You did not mention Katrina’s name once in her section. Use her name before you break into pronouns.
    As for your character’s voices, I thought they were alright but not particularly distinct and different from each other. You might try making a chart, showing how Oliver, Jemma, and Katrina are different from each other. They decide how they talk and write. What type of words to they use? Long, short, complicated? Are they more to the point or do they use metaphors and imagery. Are they observant or focused? Perhaps not all of them really observe their surrounding so don’t have one describe the surroundings. Try to point out the difference between the characters simply in what you are writing while in their POV.

    Finally, don’t use all capital letters to show emotion. It looks unprofessional and lazy. Instead use the words, actions, and descriptions of the characters to show emotion.
    Good luck with your writing, and I hope this helped!
    God bless,


  6. Hey! I would like to say i enjoyed your piece quite abit, especially Jemma’s POV: i thought the boxes were very interesting and i personally thought the line you ended her POV on was quite powerful: it made me want to know more about Jemma and her experiences.

    A lot of relevant observatons have already been made by my fellow writers above, so i’ll try not to be repetitive. I will however reiterate some points i think stood out for me. I agree that the pacing of the story is a little rushed: i’m not sure whether you edited it down so that you could have all your POV’s critiqued. If not, and this is how your story naturally flows, i think you should slow down a little and take the time to invest us in the scene. A lot of the space that is taken up in Oliver’s and Katrina’s scene has to do with backstory: to be honest, it bogs the narrative down a little, as opposed to if you had grounded us in the scene first (by, for example, describing relevant details of the characters environment or their interaction with other characters etc.). I felt like before the readers could settle into one aspect of the scene and their first impressions of the character, backstory came in and pulled us away, making it somewhat less engaging. So, for example, after detailing Oliver’s embarrasment about being observed as he walked down the halls, perhaps you could have gone on to have him relate with a fellow teacher or students on his way to class while further developing his thoughts: this way, his position as teacher is slightly more believable (i agree with Gabrielle about how he seems more like a student than a teacher before we are told so) and his character comes out a little more (since how your characters relate with others is a good indication of who they are: we are told that he is shy and seems to dislike conflict, so perhaps having situation where these traits are naturally displayed would be good). Doing this would flesh out your characters a bit more and make them more believable and relatable, additionally making the scene more engaging.

    Other than that, i think my only ‘unique’ point would be that there are some logical inconcsistencies withtin the story that are a little distracting and take away from the realism and flow. Firstly, i found it a little dubious that Oliver would be allowed to leave school early due to ‘personal issues’ (much less tell his class about it). This may go back to what, once again, Gabrielle pointed out about the charcaters seeming a lot younger than they are: if an adult (and teacher) was in that situation they would, most likely, not tell their students they have personal issues and must leave as a result. Most people would avoid exposing themselves like that and would probably make up an excuse (especially for Oliver, who seems to be a shy and insecure character): I think it would have been much more belivable if he had said he was not feeling well (it would have also made it less likely that he would have gotten fired for just abandoning his job at what seems to be the middle of the day). Other than that, i also found the interaction between Jemma and her husband a little stilted: after five years of being away, wouldn’t he ask why she had suddenly decided to come back? (he obviously missed her but he would have probably prodded a bit further as to why she has decided to abandon something she seemed to have been so passionate about. If he is already knowledgable of why, maybe making a reference to this knowledge would make their interaction seem more natural.) I also agree with the person (above) who pointed out that they should probably have expressed stronger emotion (or familiarity, if her husband is not a super emotional character) towards seeing each other for the first time in five years: it could have been a more intense moment, a moment where their relatioinship dynamic is established in the narrative: this would be important especially if he (and their relationship in general) will play a fairly substantial role later in your work ( i don’t know if it will, but as her husband, i assume it may)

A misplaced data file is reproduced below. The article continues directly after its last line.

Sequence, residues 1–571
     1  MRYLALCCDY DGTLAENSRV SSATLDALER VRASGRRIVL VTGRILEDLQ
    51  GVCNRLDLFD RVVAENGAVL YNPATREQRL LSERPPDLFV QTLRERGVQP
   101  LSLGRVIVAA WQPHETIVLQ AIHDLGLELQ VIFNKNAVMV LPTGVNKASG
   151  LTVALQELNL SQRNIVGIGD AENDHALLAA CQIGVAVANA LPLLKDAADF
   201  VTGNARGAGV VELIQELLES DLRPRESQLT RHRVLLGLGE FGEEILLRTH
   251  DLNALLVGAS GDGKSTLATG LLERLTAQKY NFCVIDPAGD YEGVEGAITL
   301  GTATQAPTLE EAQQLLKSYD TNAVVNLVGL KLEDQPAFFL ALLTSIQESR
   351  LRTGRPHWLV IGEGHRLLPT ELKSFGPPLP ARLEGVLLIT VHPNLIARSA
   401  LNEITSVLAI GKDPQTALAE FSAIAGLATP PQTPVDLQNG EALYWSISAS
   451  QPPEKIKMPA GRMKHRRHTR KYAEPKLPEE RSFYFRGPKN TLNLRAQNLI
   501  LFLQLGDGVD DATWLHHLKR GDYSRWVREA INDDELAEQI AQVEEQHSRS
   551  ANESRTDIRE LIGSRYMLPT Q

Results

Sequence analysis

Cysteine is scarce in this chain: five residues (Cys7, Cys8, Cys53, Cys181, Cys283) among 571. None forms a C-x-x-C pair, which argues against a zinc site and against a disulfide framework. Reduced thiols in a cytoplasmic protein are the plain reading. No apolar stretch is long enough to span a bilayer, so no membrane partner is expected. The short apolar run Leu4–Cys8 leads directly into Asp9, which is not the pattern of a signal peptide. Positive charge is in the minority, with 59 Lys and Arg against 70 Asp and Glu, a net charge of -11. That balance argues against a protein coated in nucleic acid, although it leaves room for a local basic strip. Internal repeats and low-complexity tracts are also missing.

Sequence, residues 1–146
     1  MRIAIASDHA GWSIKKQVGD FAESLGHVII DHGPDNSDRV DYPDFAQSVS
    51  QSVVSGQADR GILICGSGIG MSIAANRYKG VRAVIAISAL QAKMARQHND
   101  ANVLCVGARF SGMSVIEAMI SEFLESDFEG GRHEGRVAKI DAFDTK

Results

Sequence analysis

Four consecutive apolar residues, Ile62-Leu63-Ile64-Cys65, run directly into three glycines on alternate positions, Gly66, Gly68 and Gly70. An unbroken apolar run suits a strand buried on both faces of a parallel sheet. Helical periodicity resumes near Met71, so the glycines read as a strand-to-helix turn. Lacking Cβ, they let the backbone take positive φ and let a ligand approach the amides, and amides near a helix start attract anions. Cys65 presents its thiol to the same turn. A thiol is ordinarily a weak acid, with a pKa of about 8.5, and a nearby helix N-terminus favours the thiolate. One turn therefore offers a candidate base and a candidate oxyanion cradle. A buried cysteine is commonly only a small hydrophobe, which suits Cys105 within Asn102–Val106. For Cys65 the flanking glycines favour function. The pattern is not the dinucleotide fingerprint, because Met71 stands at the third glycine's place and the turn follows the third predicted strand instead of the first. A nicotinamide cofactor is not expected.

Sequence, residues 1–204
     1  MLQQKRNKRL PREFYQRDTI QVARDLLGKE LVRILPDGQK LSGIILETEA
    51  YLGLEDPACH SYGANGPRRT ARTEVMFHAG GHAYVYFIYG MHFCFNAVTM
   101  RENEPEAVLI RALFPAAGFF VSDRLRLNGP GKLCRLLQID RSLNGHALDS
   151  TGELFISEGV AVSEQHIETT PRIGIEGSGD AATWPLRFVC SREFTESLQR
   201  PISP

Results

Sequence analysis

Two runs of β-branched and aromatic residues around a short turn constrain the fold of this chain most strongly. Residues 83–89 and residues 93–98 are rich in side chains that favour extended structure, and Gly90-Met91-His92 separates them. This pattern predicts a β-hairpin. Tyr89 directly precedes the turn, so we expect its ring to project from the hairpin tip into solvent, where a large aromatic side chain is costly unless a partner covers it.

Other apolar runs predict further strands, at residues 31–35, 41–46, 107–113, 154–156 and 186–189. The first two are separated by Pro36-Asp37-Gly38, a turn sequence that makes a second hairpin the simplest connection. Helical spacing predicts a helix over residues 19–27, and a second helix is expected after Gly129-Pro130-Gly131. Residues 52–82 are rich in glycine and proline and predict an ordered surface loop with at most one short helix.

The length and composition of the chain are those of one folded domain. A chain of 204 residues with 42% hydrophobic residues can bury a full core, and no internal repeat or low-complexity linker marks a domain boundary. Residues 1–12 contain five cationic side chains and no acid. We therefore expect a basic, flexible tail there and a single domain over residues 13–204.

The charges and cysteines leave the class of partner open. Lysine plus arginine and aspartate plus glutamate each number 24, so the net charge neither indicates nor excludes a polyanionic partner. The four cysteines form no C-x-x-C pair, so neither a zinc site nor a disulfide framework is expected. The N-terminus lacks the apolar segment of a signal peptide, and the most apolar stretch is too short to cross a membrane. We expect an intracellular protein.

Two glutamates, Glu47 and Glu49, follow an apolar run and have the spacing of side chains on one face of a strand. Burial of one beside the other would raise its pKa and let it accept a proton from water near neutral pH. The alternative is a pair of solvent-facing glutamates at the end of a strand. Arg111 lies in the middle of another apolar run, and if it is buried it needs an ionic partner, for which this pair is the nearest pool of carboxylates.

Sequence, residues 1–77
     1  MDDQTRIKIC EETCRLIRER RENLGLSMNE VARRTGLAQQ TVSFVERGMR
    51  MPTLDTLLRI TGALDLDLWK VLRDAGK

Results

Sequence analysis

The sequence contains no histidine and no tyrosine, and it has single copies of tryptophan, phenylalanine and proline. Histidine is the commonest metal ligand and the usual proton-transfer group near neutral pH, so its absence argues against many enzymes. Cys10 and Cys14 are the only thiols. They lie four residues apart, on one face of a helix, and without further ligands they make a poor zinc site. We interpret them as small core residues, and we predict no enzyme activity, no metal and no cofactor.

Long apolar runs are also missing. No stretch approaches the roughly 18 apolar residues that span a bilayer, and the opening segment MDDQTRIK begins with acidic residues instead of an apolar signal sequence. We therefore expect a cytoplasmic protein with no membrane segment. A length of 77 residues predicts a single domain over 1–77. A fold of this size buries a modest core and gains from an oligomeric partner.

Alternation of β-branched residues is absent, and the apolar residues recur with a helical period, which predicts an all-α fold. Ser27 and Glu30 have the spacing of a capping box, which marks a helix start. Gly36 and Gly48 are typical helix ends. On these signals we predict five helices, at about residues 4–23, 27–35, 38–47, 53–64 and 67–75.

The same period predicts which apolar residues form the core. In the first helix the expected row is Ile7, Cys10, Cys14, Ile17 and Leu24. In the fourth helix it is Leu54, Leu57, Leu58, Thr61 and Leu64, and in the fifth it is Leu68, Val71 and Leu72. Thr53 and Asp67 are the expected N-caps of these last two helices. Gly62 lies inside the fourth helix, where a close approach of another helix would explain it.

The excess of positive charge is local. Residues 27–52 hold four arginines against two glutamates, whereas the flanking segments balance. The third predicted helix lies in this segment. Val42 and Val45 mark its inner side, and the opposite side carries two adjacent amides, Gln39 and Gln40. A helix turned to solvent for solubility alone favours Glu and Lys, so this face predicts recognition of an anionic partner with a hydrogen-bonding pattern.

Otherwise, i think you have a good piece of writing here with a lot of potential. I enjoyed the moments where i felt i could connect with the characters, and with some editing and deeper characterisation, i know your characters will become easily relatable and distinct to the audience.